Responsibility for health is a poisoned chalice/graveyard for any prospective Tory because by definition ‘whatever they do is wrong’.
Step forward the hapless Andrew Lansley – who retired hurt under the huge pile of brickbats chucked at him from all sides – and now Jeremy Hunt, whose generally-suspect competence and cold dispassionate delivery in his public pronouncements prompts a ‘red rag to a bull’ Pavlovian response in every interest group he takes on.
Currently – for good or ill – Hunt seems to be on course to achieve a similar heady status in left-wing folklore as the ‘Milk Snatcher’ herself, the Blessed Margaret.
Who else is there in the ‘non-race’ to replace David Cameron?
Her problem is her Cruella De Ville public image and its attendant impression that, when those with authority for these things came to hand out her life attributes, a sense of humour or ‘the common touch’ were never considered, still less made the short list.
Everything is equally and terribly serious, whether it’s a review of which paperclips her civil servants will be allowed to order next time, or the Government’s rapid response’ plans to deal with a potential central London multi-bomb terrorists attack. This lack of ‘accessibility’ is a major drag on her chances of reaching Number 10.
Going to the other end of the spectrum, of course, one cannot finish without addressing the issue of Boris. I must declare an interest here – the very idea of him at all, never mind as potential Prime Minister, never fails makes to me smile. If someone like him didn’t exist, he ought to have been invented.
I’m talking, of course, of the concept of some eccentric, amusing (political) public figure being wheeled out from time to time to meet and greet visiting dignitaries, award a prize, hang from a hire wire waving a flag wearing a suit and hard hat, or simply do a turn as chairman of Have I Got News For You.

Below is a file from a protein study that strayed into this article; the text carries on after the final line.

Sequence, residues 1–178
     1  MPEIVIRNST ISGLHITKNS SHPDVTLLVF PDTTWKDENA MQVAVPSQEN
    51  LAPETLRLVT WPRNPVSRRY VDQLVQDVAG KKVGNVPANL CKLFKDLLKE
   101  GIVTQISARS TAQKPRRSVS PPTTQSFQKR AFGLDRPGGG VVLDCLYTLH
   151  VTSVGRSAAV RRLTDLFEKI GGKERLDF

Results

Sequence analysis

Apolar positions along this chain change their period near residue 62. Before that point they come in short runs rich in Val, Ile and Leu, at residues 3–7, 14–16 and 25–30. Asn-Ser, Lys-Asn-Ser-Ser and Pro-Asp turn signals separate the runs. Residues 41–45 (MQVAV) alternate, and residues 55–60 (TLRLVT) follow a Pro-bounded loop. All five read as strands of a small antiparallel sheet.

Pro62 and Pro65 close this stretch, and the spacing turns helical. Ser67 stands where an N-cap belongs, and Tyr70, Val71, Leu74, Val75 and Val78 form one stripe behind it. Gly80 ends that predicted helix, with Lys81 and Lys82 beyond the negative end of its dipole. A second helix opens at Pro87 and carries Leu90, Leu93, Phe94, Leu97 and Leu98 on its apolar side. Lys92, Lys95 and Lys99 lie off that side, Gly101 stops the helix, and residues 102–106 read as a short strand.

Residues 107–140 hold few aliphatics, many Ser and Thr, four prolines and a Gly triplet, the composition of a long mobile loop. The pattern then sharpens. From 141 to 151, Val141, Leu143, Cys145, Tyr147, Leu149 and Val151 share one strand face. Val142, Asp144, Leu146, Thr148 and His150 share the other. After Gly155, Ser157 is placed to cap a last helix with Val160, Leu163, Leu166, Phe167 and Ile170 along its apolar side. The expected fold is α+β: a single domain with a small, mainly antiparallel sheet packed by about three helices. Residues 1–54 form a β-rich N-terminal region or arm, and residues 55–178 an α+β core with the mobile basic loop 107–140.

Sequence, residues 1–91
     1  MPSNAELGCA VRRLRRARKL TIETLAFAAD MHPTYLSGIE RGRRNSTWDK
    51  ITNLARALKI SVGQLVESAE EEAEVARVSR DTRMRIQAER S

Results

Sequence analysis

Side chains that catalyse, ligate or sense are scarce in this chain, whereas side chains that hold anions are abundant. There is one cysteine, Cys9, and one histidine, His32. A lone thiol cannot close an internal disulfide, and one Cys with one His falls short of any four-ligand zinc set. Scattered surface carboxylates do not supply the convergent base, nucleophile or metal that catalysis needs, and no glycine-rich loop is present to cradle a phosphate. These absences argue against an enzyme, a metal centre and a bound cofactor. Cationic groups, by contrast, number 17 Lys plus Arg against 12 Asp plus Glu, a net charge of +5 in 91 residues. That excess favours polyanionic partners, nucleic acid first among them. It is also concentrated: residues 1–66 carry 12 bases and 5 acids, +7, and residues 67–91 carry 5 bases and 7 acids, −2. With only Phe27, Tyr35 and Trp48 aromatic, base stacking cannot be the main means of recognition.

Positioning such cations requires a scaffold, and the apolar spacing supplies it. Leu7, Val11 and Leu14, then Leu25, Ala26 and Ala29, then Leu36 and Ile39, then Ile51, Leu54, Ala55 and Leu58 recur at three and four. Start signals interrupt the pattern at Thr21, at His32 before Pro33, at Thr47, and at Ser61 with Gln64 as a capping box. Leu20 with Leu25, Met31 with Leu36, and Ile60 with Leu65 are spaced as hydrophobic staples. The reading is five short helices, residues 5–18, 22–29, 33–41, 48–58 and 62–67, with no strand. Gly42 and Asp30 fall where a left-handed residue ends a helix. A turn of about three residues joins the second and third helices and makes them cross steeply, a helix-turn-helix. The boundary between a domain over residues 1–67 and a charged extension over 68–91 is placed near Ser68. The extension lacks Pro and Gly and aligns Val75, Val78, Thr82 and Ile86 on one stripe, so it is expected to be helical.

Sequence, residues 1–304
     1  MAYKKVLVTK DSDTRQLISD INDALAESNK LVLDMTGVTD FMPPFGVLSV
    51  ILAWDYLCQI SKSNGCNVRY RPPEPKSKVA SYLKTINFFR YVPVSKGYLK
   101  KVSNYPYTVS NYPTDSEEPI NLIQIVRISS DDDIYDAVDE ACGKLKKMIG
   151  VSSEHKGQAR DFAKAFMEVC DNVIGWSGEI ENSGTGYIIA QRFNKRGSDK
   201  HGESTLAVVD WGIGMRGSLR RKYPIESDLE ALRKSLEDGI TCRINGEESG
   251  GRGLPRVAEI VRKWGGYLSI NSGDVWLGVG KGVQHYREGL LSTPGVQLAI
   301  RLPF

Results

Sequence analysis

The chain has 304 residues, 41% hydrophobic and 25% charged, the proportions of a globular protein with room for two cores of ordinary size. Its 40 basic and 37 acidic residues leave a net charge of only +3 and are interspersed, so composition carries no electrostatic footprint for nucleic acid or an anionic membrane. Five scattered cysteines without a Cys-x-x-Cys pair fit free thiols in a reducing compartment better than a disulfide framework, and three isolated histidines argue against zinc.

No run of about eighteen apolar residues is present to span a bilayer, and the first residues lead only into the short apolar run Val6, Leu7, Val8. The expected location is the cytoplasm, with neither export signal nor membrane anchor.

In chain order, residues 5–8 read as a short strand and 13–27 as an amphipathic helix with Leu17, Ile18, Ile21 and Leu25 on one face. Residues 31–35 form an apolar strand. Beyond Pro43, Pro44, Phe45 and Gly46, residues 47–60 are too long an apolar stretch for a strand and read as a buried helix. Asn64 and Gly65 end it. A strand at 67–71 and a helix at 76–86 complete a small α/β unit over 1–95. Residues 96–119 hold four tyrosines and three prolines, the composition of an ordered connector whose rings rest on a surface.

I’m all in favour of it – and Boris – in that context.
My problem, or rather Boris’s, (and I’m sure I’m not the only one with this view) is that I’m not at all convinced that I’d want to send him out into the world to do anything serious or statesman-like on behalf of the UK.
Those in the know (and/or whose opinions I respect) tell me that I shouldn’t be fooled, he’s highly intelligent but deliberately hides it behind the entertaining veneer and buffoonery.
That might even be true, but it’s not the point. When it comes to electing a Prime Minister, or even voting at all, people like me are not readily going to place their trust in someone whom they suspect – even if he were addressing the United Nations, or placing his hand over the nuclear ‘fire’ button – would be unable to help himself going for a gag, simply out of his enjoyment of the limelight and ability to be funny.
When things get deadly serious, you want representing you someone who, okay maybe wears his deep intelligence lightly, but can be relied upon to make a sound, reasoned and convincing case – someone who makes you proud that he, rather than anyone else, is out there batting for the UK – not someone who hides his brain-power under a bushel and presents himself to the world as a ‘loose cannon’.